Last month, Rogan announced he fell ill on August 28, during the Florida leg of his live tour. He told his Instagram followers that he took Ivermectin along with monoclonal antibodies, Z-pack antibiotics and a vitamin drip for three days and that he felt great.
The announcement kicked off a flurry of criticism for the popular podcaster, who signed a deal with streaming service Spotify worth a reported $100 million last year.
Dr Fauci, Biden’s medical advisor, went on CNN and said that Rogan took the ‘livestock de-wormer ivermectin,’ adding that it ‘doesn’t have any effect on COVID, obviously,’ according to Yahoo News.
US COVID infections are up from early summer, largely due to the aggressive Delta variant
Rogan has made controversial comments criticizing vaccines and coronavirus lockdown measures. In a video last month, above, he said he caught COVID while performing in Florida
Fauci also called Rogan ‘one of the enemies of public health.’
Rogan has previously railed against vaccines and vaccine mandates, saying that young and healthy people don’t need to be jabbed. On Wednesday, he also revealed that he was nearly vaccinated in Las Vegas a few months ago but missed his appointment, according to Newsweek.
Ivermectin was discovered from soil samples collected in Japan by microbiologist Satoshi Ōmura in 1970, according to the journal Trends in Parasitology.
Ōmura won the Nobel Prize in Physiology or Medicine in 2015 along with American biologist William C. Campbell, of the pharmaceutical company Merck.
The Nobel committee wrote: ‘Its impact on improving the overall health and welfare of hundreds of millions of men, women and children, mostly in poor and impoverished communities, remains unmatched.
‘It continues to defy many preconceived concepts, with no drug resistance developing in humans despite years of extensive monotherapy. Tis has led to it being included on the World Health Organization’s “List of Essential Medicines,” a compilation of the most important medications needed in any basic health system.’
An August 21 article in the American Journal of Therapeutics concluded that ‘using ivermectin early in the clinical course may reduce numbers progressing to severe disease. The apparent safety and low cost suggest that ivermectin is likely to have a significant impact on the SARS-CoV-2 pandemic globally.’
The CDC says more ‘adequately sized, well-designed, and well-conducted clinical trials are needed’ before recommending Ivermectin for coronavirus.
Top Ivermectin expert says the drug does not treat COVID-19
Dr. Timothy Geary, one of the world’s foremost experts of Ivermectin, says the drug does not have any effectiveness fighting viruses.
Geary, who is the Research Chair in Parasite Biotechnology at McGill University in Montreal, Canada, says that the 2020 study which spawned much of the Ivermectin-craze is not being correctly read.
Dr Timothy Geary (pictured) is one of the top experts on ivermectin and has researched the drug for over a decade
He told DailyMail.com that the study did show that Ivermectin could inhibit the replication of COVID-19 virus cells, which is what many are reading from the study that makes them believe the drug has virus killing properties.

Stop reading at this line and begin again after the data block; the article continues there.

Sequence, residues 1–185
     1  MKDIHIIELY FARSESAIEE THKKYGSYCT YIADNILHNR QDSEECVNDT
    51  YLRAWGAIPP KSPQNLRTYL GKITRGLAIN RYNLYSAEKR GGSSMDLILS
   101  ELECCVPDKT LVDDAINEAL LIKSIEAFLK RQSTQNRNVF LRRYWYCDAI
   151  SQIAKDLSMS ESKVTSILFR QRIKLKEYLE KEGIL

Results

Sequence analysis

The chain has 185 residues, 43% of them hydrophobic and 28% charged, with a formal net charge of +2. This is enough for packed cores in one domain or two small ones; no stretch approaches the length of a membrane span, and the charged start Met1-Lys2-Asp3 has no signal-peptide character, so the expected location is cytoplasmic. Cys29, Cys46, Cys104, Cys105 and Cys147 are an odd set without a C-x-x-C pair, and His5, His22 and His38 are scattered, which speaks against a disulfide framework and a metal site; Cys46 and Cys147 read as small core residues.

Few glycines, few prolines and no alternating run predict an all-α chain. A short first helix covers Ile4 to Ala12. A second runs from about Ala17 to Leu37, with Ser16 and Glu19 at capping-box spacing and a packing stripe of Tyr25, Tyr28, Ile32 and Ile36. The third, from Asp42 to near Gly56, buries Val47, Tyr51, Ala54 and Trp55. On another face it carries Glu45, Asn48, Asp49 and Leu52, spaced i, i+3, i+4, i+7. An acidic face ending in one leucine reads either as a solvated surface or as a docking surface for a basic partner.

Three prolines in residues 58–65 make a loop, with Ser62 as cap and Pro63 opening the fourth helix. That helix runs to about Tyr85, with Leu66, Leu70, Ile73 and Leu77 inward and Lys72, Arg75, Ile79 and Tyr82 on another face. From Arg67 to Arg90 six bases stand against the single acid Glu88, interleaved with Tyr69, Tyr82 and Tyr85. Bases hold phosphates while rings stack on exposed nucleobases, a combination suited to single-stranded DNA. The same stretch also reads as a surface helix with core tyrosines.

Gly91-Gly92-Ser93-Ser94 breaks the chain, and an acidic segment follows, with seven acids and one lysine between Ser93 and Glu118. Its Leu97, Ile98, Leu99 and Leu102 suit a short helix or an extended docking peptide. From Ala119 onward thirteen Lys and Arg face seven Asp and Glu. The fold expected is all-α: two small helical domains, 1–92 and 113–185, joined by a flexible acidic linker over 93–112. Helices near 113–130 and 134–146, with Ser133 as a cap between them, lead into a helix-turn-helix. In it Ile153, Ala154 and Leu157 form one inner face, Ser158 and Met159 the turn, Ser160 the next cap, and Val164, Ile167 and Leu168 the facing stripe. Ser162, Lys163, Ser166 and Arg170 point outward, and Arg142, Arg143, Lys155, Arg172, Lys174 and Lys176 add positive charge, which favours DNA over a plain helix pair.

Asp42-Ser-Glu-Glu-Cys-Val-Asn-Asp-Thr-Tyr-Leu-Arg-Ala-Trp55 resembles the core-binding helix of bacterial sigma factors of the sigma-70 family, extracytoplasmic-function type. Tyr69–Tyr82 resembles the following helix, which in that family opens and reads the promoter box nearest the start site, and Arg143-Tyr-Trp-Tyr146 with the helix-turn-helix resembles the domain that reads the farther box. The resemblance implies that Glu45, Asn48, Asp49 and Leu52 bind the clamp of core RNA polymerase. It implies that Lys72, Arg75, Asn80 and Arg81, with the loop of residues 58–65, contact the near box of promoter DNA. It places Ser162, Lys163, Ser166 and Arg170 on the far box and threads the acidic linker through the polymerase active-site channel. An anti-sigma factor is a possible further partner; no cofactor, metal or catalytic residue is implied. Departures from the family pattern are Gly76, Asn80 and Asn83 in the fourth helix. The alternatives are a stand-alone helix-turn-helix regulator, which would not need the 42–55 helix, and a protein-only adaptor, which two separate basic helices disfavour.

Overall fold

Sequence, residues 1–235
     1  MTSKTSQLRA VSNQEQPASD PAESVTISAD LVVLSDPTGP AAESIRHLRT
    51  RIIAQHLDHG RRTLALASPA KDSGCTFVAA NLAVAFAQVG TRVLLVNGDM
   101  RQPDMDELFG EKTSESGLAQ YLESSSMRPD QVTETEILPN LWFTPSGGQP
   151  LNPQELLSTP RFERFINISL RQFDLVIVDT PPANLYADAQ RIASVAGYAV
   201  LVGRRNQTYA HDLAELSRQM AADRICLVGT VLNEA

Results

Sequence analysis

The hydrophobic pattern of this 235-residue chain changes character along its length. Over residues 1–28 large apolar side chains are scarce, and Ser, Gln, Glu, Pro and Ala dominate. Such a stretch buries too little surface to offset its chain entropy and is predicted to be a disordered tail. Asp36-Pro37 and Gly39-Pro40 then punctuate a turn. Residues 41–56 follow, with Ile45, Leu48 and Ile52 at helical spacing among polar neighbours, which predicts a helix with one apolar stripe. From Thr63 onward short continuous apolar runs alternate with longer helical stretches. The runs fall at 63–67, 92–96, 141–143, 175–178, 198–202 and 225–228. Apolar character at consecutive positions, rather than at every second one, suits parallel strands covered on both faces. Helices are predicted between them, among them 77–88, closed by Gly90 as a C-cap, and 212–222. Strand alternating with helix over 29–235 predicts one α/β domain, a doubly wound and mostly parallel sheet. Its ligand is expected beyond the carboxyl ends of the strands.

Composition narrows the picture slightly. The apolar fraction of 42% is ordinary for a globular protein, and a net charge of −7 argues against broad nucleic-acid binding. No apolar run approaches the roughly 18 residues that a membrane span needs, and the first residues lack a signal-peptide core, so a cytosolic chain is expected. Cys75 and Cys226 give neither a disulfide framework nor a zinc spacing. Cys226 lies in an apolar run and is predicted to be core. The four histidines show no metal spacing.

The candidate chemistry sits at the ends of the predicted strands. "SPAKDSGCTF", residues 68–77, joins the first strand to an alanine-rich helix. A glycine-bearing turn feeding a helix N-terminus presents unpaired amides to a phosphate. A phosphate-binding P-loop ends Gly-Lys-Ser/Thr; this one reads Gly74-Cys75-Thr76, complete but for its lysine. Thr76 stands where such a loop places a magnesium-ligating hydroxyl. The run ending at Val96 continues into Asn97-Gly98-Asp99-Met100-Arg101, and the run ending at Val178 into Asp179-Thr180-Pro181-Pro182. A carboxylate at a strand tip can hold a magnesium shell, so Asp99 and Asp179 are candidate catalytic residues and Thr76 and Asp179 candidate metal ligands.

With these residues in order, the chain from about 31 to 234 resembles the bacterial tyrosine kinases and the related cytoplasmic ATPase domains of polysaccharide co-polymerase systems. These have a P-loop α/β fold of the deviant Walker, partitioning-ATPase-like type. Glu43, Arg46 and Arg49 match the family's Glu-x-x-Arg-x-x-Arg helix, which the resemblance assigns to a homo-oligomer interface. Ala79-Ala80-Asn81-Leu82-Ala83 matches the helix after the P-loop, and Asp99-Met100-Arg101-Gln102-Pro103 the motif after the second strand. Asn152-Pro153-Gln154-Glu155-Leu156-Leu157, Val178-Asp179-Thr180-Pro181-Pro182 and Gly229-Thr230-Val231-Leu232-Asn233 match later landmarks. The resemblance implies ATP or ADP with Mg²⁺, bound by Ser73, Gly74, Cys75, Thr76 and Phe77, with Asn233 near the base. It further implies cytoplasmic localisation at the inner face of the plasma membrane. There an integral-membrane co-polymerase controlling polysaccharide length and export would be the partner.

Geary explained, though, that the concentration of the drug used in the study were so high that it could not be used for treatment in a human, and would likely cause an overdose.
‘In that study they showed that in cell cultures, Ivermectin could inhibit [Covid] replication, but the concentrations required for that effect were in a range called the micromolar range – very high concentrations relative to what you would find in the plasma of a treated person or an animal, which would be 20 to 50 times lower.’
He does not see too much harm in people using the drug in human-sized doses, though, as Geary assures that it is safe for consumption.
It is safe to use in doses of around 200 micrograms, and even people who are using it to incorrectly treat Covid are unlikely to suffer any major symptoms.
‘There’s no significant toxicity from those doses,’ Geary says.
He also mentioned that the drug has been used billions of times in between humans and animals, and has never shown any ability to combat viruses outside of the laboratory.
The typical Ivermectin prescribed by doctors com in pill form in small doses
But many Americans are facing problems with Ivermectin because they are not using the versions of the drug prescribed by doctors.
Instead, many are finding their own over-the-counter solutions, most notably going to local feed stores and buying medicine meant for horses, cows and sheep.
Prescribed versions of the drug come in pill form, while these versions are liquid.
The dosages are also much larger, meant for an animal that can weigh over 1,000 pounds, not a person that can weight less than one-fifth of that.
Taking doses too large can cause a person to have nausea, body pains, diarrhea limb swelling and other serious side effects.
In more serious cases, a person could overdose and suffer severe damage to their central nervous system, and potentially even die.